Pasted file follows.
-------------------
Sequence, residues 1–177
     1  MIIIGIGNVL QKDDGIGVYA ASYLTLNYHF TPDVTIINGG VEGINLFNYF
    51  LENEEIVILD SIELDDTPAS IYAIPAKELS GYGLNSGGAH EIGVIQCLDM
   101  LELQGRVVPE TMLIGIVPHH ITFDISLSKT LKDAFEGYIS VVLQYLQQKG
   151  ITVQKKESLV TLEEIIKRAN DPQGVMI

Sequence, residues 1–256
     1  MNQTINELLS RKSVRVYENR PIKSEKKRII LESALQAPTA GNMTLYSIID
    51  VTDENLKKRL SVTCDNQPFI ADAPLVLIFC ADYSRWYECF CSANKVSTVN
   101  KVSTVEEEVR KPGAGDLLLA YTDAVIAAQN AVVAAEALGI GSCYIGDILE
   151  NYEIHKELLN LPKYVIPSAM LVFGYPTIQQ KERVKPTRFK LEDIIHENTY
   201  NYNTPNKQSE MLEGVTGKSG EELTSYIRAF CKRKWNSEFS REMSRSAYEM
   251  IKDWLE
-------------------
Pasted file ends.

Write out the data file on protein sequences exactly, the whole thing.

Sequence, residues 1–177
     1  MIIIGIGNVL QKDDGIGVYA ASYLTLNYHF TPDVTIINGG VEGINLFNYF
    51  LENEEIVILD SIELDDTPAS IYAIPAKELS GYGLNSGGAH EIGVIQCLDM
   101  LELQGRVVPE TMLIGIVPHH ITFDISLSKT LKDAFEGYIS VVLQYLQQKG
   151  ITVQKKESLV TLEEIIKRAN DPQGVMI

Sequence, residues 1–256
     1  MNQTINELLS RKSVRVYENR PIKSEKKRII LESALQAPTA GNMTLYSIID
    51  VTDENLKKRL SVTCDNQPFI ADAPLVLIFC ADYSRWYECF CSANKVSTVN
   101  KVSTVEEEVR KPGAGDLLLA YTDAVIAAQN AVVAAEALGI GSCYIGDILE
   151  NYEIHKELLN LPKYVIPSAM LVFGYPTIQQ KERVKPTRFK LEDIIHENTY
   201  NYNTPNKQSE MLEGVTGKSG EELTSYIRAF CKRKWNSEFS REMSRSAYEM
   251  IKDWLE